However, the next day, when I went to collect the information, she proudly said that she had promptly bought a book of the RTI Act, which I appreciated. However, her next statement was that, “You have wrongly said you can get information instantly under Section 4. It is only under Section 7 that you can get information in 48 hours.’’ So, another round of explanation had to be done.”
I told her that the information I require comes under 11, 12, 13 sub-sections of the Section 4 of RTI Act. These states:
(xi) the budget allocated to each of its agency, indicating the particulars of all pans, proposed expenditures and reports o disbursements made;
(xii) the manner of execution of subsidy,
(xiii) particulars of recipients of concessions, permits or authorisations granted by it. She nodded in agreement.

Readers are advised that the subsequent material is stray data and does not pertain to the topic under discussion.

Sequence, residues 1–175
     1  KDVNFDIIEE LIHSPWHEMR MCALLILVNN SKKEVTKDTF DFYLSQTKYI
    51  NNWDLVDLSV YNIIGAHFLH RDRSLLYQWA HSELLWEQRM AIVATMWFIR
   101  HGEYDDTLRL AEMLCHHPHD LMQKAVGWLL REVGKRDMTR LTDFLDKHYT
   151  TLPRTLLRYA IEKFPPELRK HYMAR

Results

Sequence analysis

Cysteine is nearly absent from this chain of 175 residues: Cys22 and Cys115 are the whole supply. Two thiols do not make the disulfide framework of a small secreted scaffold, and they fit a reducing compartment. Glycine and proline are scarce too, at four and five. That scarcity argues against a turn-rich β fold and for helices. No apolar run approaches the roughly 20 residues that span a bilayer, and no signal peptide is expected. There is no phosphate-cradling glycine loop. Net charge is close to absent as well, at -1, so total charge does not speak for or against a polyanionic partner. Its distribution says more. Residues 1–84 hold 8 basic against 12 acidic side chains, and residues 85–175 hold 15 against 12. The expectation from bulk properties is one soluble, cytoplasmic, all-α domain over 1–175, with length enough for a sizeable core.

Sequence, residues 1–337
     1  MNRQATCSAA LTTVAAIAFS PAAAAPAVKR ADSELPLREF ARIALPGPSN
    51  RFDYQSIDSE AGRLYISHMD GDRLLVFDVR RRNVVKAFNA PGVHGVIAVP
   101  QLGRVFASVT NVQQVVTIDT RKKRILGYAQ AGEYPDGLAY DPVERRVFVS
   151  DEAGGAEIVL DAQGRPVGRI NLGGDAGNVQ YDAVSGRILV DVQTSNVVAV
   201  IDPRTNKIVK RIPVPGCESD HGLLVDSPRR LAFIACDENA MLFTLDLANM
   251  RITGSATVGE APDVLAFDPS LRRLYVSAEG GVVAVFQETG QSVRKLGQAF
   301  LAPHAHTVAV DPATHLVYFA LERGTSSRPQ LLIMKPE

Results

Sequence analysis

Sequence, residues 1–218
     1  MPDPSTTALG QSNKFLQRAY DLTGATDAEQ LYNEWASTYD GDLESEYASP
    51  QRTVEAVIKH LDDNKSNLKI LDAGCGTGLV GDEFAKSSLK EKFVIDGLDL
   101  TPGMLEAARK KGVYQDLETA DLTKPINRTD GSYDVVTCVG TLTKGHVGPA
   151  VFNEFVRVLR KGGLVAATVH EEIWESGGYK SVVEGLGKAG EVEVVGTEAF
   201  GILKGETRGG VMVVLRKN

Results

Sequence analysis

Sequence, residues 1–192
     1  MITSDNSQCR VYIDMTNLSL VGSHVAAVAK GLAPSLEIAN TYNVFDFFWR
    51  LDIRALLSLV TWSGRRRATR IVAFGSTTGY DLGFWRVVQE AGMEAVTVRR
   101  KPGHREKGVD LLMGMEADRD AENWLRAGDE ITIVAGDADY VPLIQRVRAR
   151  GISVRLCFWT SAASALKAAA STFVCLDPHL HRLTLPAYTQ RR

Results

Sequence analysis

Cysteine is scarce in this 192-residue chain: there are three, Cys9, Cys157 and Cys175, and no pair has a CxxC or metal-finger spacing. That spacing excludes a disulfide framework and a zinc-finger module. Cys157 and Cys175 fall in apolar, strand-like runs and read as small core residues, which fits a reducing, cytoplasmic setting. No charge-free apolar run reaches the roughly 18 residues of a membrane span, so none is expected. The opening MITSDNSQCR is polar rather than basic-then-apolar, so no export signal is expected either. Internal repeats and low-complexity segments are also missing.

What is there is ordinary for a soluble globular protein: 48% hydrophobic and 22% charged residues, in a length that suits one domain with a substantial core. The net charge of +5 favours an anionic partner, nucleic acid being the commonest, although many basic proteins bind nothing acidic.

The issue of my inspecting files under Sec 4 of the RTI Act, triggered off last fortnight after some women in a chawl in Bhavani Peth expressed their agony. However, on a visit to another chawl in Yerawada, I found that the women there too had a similar complaint. Hence, I decided to gather information of supply to all the eight zones from the food supply headquarters.
The PIO there asked me to meet the Tehsildar who heads the department. When I told her what I wanted, she got aggressive and said this information is not available here and that I would have to visit each of the eight zones to get it. I argued that being the headquarters, information on supplies to shopkeepers in all eight zones, must be made available here itself. In fact, it should have been posted on the website www.pune.gov.in . In any case, even if it is on the website, it is mandatory for the public authority to provide the information if a citizen visits it and demands it in the form of hard copies. She argued, “Yes, of course, it is all there on the website’’ and summoned the PIO to her cabin. The PIO muttered that it is in some other website and gave me the link – Egrains.nic.in/sinc. I checked the website but it does not seem a relevant one.